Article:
Monday, February 22, 2010

The instruments change...

...but the musical score remains the same.

(A more philosophical post)

Increased economic pressure across the globe is causing sovereigns to make difficult choices regarding long-term goals.

We also note that China has announced it will actively pursue maritime responsibilities in defending its trade routes, primarily in the Indian Ocean basin. This, combined with China becoming Saudi Arabia's largest oil customer has sent intellectuals into a tizzy regarding the long-term position of the United States.

Scenarios describing war and doom abound (most of this can be ascribed to the current Schadenfreude; bad news begets bad news). I have not been subtle with my own analysis of China's predicament (they will have enough office space coming on line from current construction projects to put every person in China into a 5x5 cubicle) and the health of their banks.

Some pundits have called the previous ten years the apex for the U.S. I respectfully disagree. Name another society that reinvented itself from mass consumer to mass producer to mass consumer and back again. The evolutionary corollary is victory goes not necessarily to the strong, but to the most adaptable and nimble in an evolutionary sense. China's cultural history shows its lack of political will to engage in far flung conflict, preferring instead to erect walls (literally and figuratively) and begin anew under another "perfect" theory of societal organization. They seem to have a cultural affinity for precision and perfection, whilst we here are used to change, to chaos, to conflict.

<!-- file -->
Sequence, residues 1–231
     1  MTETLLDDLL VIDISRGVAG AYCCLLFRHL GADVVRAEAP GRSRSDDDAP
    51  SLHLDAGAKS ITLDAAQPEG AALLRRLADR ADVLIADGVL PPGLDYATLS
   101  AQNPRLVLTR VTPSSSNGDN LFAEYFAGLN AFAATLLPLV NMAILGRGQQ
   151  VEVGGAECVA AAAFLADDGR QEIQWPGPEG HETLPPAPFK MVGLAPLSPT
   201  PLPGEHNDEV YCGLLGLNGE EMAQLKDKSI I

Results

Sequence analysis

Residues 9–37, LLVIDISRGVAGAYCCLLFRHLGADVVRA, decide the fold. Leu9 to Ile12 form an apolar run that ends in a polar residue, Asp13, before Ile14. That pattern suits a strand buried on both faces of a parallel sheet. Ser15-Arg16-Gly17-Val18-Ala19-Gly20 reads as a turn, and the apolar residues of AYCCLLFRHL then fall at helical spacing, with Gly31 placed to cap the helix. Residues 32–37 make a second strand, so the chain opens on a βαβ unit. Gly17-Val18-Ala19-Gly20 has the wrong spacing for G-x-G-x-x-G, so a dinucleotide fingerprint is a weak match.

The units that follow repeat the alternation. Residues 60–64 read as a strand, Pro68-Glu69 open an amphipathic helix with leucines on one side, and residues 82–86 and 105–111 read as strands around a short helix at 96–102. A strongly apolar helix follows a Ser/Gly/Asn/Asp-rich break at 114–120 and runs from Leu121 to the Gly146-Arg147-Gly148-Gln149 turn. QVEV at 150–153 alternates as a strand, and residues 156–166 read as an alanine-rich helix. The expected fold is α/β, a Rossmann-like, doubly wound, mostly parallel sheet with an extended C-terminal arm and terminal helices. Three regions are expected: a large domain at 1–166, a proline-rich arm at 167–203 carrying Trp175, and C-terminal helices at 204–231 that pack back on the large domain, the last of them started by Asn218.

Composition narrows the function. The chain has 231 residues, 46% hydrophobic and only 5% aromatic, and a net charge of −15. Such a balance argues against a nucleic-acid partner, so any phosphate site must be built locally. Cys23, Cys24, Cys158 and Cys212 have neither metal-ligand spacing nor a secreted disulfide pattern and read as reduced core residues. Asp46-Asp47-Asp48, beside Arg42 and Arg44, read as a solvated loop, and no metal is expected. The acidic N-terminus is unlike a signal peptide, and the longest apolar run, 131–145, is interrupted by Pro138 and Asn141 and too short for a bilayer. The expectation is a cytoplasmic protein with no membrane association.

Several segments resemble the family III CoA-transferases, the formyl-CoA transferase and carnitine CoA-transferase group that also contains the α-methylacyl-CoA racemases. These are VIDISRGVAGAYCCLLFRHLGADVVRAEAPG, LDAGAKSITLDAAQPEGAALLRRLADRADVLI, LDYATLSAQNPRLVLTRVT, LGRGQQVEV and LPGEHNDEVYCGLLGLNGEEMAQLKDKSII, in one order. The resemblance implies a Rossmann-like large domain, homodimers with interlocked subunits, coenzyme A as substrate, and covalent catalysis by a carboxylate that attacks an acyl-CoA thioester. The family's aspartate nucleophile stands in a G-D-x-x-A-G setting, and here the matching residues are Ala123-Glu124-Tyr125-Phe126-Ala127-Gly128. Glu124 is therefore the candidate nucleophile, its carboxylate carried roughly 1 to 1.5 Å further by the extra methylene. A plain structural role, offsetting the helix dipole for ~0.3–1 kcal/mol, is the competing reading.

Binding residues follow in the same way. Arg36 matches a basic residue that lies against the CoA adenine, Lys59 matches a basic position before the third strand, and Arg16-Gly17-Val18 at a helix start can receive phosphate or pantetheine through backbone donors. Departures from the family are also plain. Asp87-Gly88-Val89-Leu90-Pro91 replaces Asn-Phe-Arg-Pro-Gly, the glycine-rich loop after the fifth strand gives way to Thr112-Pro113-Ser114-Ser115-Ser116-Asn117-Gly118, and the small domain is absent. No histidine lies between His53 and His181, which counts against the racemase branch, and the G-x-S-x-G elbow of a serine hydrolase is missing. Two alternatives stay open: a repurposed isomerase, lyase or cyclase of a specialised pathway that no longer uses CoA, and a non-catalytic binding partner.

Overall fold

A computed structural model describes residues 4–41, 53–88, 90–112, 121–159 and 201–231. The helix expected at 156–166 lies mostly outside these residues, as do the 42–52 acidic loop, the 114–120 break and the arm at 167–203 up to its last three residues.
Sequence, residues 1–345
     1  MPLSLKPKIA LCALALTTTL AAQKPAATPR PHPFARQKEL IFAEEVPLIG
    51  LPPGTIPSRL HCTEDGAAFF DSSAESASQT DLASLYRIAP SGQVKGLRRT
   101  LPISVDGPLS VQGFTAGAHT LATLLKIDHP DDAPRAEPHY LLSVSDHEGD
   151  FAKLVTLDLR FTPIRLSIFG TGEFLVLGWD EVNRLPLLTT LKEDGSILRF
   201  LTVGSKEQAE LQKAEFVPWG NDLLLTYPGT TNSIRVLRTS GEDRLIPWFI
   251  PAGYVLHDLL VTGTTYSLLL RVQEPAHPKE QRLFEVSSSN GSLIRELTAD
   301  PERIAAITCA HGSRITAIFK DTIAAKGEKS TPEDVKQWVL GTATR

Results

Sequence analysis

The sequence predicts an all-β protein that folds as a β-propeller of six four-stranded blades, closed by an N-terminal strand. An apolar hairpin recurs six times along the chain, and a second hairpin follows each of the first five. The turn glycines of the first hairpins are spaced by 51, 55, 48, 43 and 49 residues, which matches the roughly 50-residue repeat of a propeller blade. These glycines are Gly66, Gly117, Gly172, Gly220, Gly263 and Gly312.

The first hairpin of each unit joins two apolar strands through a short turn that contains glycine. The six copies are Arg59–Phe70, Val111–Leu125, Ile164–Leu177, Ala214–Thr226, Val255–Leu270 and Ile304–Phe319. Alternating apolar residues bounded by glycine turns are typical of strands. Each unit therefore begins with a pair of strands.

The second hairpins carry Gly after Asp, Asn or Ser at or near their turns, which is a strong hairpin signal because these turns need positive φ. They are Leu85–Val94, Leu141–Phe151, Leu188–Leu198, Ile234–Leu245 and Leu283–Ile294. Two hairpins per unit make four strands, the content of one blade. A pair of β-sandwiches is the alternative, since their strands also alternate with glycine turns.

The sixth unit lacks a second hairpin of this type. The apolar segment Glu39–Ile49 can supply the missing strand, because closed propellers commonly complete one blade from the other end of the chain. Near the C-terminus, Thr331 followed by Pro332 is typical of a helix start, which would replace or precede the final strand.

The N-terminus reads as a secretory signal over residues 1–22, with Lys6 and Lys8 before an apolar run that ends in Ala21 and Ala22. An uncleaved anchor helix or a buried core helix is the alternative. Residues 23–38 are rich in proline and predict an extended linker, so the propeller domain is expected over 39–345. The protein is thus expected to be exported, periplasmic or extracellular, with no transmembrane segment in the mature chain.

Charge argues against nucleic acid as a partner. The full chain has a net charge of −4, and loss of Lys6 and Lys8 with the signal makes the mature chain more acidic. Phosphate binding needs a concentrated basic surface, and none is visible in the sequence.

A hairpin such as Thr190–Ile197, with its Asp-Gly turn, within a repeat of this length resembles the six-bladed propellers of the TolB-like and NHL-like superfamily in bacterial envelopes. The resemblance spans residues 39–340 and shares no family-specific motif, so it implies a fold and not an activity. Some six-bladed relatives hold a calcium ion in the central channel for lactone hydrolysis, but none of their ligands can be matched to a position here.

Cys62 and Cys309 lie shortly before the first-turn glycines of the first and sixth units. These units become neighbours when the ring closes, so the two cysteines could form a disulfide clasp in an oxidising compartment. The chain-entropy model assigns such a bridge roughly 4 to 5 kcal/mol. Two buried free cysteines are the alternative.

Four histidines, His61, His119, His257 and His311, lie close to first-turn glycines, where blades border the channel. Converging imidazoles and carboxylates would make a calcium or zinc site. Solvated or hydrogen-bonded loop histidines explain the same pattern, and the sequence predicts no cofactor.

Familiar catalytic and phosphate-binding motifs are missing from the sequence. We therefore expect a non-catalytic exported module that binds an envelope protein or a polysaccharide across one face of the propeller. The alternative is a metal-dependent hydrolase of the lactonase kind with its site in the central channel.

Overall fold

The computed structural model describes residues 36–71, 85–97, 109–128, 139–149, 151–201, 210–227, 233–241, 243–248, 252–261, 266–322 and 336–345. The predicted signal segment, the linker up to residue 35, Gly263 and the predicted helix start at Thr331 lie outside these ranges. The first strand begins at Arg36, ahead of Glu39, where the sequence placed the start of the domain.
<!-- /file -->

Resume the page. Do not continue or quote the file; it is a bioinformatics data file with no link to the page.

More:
Perfection is unattainable by humans. Marx's perfect revolution was not the inevitable end to some Hegelian dialectical was only ever going to be a blip in history until the next perfect system was sold as a means to control a populace.

There is no other country capable or willing to secure borders, protect trade routes, and defeat any military that opposes them. If you have political capital (such as a "commitment" to human rights or subscribe to U.S. standards and rules, such as international community involvement, etc. This is also a tacit commitment to dilute sovereignity in favor of international institutions which are heavily influenced by the U.S. and Western definitions of "equality" and Western style rules), then the U.S. will happily assist you. If you do not have these things, purchase some Treasuries as a gesture of symbiosis.

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